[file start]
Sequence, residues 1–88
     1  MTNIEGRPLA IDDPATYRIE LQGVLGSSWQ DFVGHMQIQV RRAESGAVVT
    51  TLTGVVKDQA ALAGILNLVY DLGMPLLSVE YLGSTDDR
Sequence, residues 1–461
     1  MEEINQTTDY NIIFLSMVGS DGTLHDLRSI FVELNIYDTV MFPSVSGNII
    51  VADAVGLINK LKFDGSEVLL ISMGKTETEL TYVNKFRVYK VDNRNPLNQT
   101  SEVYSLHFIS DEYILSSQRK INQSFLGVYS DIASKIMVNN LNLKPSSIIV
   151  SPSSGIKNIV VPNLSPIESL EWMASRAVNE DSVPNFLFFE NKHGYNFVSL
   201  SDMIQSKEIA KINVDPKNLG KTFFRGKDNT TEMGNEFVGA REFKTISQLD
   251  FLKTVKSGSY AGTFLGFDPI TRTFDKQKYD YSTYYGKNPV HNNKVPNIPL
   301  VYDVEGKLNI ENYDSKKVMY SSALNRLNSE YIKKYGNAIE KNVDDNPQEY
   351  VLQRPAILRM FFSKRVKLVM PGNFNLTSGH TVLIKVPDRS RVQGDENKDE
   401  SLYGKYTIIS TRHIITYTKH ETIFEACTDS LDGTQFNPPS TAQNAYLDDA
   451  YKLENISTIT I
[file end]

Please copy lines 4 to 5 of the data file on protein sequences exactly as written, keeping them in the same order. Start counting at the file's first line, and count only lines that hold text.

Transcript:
Sequence, residues 1–461
     1  MEEINQTTDY NIIFLSMVGS DGTLHDLRSI FVELNIYDTV MFPSVSGNII